Whisk Fern, Skeleton Fork Fern, Moa
Psilotum nudum

Family: Psilotaceae
Genus: Psilotum (sy-LOH-tum) (Info)
Species: nudum (NEW-doom) (Info)
Synonym:Lycopodium nudum
Synonym:Psilotum floridanum
Synonym:Psilotum triquetrum
Synonym:Bernhardia antillarum
Synonym:Hoffmannia aphylla

Category:

Perennials

Ferns

Height:

6-12 in. (15-30 cm)

Spacing:

6-9 in. (15-22 cm)

9-12 in. (22-30 cm)

Hardiness:

USDA Zone 8a: to -12.2 C (10 F)

USDA Zone 8b: to -9.4 C (15 F)

USDA Zone 9a: to -6.6 C (20 F)

USDA Zone 9b: to -3.8 C (25 F)

USDA Zone 10a: to -1.1 C (30 F)

USDA Zone 10b: to 1.7 C (35 F)

USDA Zone 11: above 4.5 C (40 F)

Sun Exposure:

Light Shade

Partial to Full Shade

Danger:

Unknown - Tell us

Bloom Color:

Inconspicuous/none

Bloom Time:

N/A

Foliage:

Evergreen

Other details:

Requires consistently moist soil; do not let dry out between waterings

Soil pH requirements:

5.6 to 6.0 (acidic)

6.1 to 6.5 (mildly acidic)

6.6 to 7.5 (neutral)

Patent Information:

Non-patented

Propagation Methods:

By dividing the rootball

From spores

Seed Collecting:

N/A: plant does not set seed, flowers are sterile, or plants will not come true from seed

Regional

This plant has been said to grow in the following regions:

Big Pine Key, Florida

Brooksville, Florida

Daytona Beach, Florida

Fort Lauderdale, Florida

Hollywood, Florida

Homestead, Florida

Jacksonville, Florida

Lecanto, Florida

Oldsmar, Florida

Kailua, Hawaii

show all

Gardeners' Notes:

3
positives
1
neutral
0
negatives
RatingContent
Positive

On Mar 14, 2008, JaxFlaGardener from Jacksonville, FL (Zone 8b) wrote:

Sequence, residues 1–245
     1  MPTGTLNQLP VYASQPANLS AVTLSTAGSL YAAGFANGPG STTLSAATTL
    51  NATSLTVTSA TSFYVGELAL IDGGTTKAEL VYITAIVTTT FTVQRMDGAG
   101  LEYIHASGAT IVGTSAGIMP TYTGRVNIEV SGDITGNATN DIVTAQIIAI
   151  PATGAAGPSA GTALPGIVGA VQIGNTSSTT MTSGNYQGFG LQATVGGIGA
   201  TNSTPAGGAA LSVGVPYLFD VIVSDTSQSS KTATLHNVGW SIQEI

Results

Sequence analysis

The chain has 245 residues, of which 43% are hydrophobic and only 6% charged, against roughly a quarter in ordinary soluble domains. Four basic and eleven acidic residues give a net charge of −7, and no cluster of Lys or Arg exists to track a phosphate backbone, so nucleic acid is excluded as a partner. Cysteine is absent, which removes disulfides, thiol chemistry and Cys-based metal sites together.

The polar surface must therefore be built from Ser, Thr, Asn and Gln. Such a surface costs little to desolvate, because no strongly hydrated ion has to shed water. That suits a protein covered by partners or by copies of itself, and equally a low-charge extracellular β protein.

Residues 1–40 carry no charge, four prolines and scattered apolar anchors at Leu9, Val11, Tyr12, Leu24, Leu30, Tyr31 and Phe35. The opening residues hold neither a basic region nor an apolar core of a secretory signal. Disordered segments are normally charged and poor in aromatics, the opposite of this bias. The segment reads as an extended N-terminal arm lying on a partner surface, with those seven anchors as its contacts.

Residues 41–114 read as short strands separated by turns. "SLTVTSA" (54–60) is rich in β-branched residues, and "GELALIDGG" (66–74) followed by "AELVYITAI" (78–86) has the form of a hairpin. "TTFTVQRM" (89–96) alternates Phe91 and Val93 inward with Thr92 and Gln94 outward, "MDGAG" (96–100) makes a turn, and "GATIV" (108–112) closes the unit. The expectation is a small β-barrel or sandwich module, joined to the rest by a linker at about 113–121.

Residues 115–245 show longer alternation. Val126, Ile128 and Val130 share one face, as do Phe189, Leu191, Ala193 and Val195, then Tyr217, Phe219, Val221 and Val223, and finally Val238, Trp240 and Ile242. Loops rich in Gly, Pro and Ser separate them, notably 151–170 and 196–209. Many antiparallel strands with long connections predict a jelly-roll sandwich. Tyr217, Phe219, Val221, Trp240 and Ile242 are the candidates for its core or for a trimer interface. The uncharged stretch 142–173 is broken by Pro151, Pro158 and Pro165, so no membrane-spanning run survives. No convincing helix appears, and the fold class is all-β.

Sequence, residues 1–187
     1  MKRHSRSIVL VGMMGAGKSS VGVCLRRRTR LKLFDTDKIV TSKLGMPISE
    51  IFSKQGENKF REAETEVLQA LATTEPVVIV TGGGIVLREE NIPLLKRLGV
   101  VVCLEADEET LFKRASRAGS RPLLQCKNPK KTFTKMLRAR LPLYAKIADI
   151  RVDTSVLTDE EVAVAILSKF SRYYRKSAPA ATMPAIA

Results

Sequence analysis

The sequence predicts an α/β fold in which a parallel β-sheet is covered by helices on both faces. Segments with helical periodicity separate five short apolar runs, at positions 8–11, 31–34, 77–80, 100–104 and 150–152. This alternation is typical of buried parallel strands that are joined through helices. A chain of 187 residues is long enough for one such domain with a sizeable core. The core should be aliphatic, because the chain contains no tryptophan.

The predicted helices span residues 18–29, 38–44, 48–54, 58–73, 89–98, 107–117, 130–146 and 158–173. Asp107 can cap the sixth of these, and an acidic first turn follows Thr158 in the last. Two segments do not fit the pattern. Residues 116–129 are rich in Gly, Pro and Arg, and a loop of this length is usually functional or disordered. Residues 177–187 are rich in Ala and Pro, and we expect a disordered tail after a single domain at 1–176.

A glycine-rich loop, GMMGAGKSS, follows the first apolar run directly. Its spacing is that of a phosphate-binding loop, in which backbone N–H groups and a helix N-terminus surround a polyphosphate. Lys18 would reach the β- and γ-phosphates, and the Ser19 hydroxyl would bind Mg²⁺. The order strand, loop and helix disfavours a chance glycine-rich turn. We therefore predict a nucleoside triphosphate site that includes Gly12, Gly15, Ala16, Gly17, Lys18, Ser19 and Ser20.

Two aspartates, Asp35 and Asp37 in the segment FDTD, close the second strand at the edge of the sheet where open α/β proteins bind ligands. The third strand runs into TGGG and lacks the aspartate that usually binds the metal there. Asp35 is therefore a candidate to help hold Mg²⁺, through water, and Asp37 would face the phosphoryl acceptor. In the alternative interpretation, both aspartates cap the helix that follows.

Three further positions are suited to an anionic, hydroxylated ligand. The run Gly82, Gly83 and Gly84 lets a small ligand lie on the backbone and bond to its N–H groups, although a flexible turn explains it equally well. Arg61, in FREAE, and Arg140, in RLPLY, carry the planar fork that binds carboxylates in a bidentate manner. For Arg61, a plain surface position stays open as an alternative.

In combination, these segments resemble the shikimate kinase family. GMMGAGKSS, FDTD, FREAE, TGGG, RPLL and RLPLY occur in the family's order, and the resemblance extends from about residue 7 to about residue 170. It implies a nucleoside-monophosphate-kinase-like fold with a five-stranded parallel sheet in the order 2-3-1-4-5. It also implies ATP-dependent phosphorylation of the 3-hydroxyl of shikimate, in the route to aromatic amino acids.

In a sense, this may be the evolutionary grandmother of all vascular plants. With its primitive structure of being all stems, with no leaves nor roots, it may have been one of the first plants to make the move from ocean to land, but there are no fossil records that far back of the Psilotaceae.

I also had trouble growing this plant in my garden soil. I found it did much better after I had it established the Whisk Fern in my greenhouse in a plastic pot, then sunk the pot into the ground without transplanting the Whisk Fern directly into the soil. I have since found the plant around a Mexican Fan Palm in my garden, but it probably came in the pot with the palm at the time I bought the palm. It is often seen as a "weed" in greenhouses.

Jeremy

Neutral

On Mar 25, 2007, Cretaceous from El Sobrante, CA (Zone 9b) wrote:

I purchased one from an online nursery in mid-December 2006. It was planted in a spot with good light and protection from the elements, but just seemed to slowly dry out.

This plant is native to Belize, Costa Rica, Guatemala, Honduras, Mexico, Panama, Argentina, Bolivia, Brazil, Colombia, Ecuador, Paraguay, Peru, Venezuela, the Bahamas, Cuba, the Dominican Republic, Haiti, Jamaica, the Leeward Islands, Puerto Rico, the Virgin Islands, the Windward Islands, Gabon, Madagascar, Mauritius, Tanzania, Zambia, Vietnam, and New Caledonia.

Positive

On Jul 20, 2005, artcons from Fort Lauderdale, FL (Zone 10b) wrote:

I have had Whisk Fern, Psilotum nudum growing in the "boot jacks" of my Sable palm for several years now. The conditions in the bootjacks are ideal for it's survival. Plenty of moisture, light and rich growing medium.
I have been able to remove pieces and grow them im my nursery area.
The plant is a Florida native.

Positive

On Jul 6, 2004, punaheledp from Kailua, HI (Zone 11) wrote:

this is an interesting plant that I found growing in one of my pots a few years ago. Its still going/growing in the pot (Don't know what happened to the plant that was originally in that pot). It's currently nestled in the plant bed under some ginger. get's a moderate amount of sun and frequent water since the ginger needs it. It's greener now with those conditions, was yellow/green before with more sun/less water. Didn't know what it was til I came across info on UH Botony site. Copied (some edits) info from their page below:

Psilophyta. The Psilotaceae are leafless and rootless terrestrial or epiphytic homosporous, protostelic vascular plants comprising 2 genera and less than ten species. The free-living sporophytic plant body is a dichotomously branching stem consis... read more